Who invented the moving picture? Thomas Edison and Auguste and Louis Lumière are frequently cited as pioneers of cinematography, but an inventor who gets far less press is Louis Aimé Augustin Le Prince (1841-1890?). Le Prince’s father happened to be a friend of Louis Daguerre, and Le Prince learned about the chemistry and technology of photography at an early age. He eventually moved from Metz in France to Leeds, UK, where he joined a brass foundry firm, married, and founded a technical school of art with his wife.
Le Prince eventually moved on from the foundry firm and began working on motion pictures. He registered for an American patent on a method and apparatus “For Producing Animated Pictures of Natural Scenery and Life” in 1886, and the patent was eventually granted. In 1888, he filmed the “Roundhay Garden Scene,” the oldest surviving film:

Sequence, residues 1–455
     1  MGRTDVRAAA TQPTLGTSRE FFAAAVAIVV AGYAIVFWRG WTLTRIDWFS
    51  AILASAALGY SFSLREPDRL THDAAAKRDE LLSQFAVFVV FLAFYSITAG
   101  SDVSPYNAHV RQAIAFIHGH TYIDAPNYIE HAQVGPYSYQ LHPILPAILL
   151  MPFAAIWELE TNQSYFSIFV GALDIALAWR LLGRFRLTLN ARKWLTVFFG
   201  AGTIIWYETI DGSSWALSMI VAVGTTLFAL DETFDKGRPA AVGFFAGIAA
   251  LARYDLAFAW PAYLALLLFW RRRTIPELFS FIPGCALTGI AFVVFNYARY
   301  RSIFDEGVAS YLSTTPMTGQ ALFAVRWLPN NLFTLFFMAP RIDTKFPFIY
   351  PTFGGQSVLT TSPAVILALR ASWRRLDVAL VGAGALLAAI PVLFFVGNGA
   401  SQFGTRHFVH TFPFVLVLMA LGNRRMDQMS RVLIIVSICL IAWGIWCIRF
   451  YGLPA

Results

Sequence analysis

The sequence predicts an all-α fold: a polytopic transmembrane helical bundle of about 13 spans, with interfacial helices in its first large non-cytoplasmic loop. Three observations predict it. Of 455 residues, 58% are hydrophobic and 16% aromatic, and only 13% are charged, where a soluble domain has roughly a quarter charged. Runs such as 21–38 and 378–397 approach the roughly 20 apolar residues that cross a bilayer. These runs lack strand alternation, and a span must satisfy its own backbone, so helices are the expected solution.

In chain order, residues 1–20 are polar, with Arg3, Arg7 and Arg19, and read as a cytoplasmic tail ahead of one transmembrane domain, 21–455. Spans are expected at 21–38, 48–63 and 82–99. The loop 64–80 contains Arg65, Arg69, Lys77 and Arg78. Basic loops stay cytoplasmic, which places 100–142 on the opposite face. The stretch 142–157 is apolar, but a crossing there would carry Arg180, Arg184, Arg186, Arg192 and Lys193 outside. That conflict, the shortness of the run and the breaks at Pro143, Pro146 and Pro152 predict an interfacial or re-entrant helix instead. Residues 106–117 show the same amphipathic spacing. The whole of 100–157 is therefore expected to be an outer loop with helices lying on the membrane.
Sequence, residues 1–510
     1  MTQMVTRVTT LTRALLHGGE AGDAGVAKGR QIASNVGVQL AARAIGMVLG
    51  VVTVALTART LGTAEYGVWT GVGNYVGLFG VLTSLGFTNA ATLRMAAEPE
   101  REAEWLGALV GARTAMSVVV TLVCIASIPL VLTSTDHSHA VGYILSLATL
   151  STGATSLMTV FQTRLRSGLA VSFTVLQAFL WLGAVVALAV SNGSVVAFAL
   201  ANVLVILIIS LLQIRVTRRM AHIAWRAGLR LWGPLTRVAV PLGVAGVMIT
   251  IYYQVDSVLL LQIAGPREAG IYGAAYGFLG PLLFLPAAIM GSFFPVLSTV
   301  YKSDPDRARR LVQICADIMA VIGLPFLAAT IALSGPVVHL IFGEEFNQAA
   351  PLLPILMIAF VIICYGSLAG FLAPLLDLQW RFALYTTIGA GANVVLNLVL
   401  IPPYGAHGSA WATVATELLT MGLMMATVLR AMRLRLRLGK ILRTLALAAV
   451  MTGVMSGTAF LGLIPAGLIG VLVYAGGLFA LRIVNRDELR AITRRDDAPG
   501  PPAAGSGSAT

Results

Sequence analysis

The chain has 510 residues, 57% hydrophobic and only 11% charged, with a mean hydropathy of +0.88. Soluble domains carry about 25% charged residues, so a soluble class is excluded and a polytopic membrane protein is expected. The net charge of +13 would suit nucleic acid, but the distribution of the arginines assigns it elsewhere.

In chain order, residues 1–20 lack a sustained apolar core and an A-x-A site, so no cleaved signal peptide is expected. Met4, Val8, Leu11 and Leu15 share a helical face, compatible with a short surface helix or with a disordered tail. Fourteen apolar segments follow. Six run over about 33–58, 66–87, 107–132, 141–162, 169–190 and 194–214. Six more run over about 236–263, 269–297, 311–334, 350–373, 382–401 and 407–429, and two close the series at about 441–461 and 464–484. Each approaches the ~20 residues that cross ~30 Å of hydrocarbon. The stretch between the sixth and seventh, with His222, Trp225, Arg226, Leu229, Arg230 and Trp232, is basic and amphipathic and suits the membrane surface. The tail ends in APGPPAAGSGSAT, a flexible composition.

In 1890, Le Prince and his wife Lizzie were ready to take the project public. They planned to exhibit the moving pictures in New York’s Jumel Mansion, but something strange happened before they got a chance. In September, 1890, Le Prince boarded a train from Bourges, France, to Dijon and was never seen again.
There are numerous theories as to why Le Prince disappeared. Perhaps he committed suicide to escape his debts. Perhaps he was murdered by rivals. Whatever happened, no body has been conclusively identified, and the mystery remains.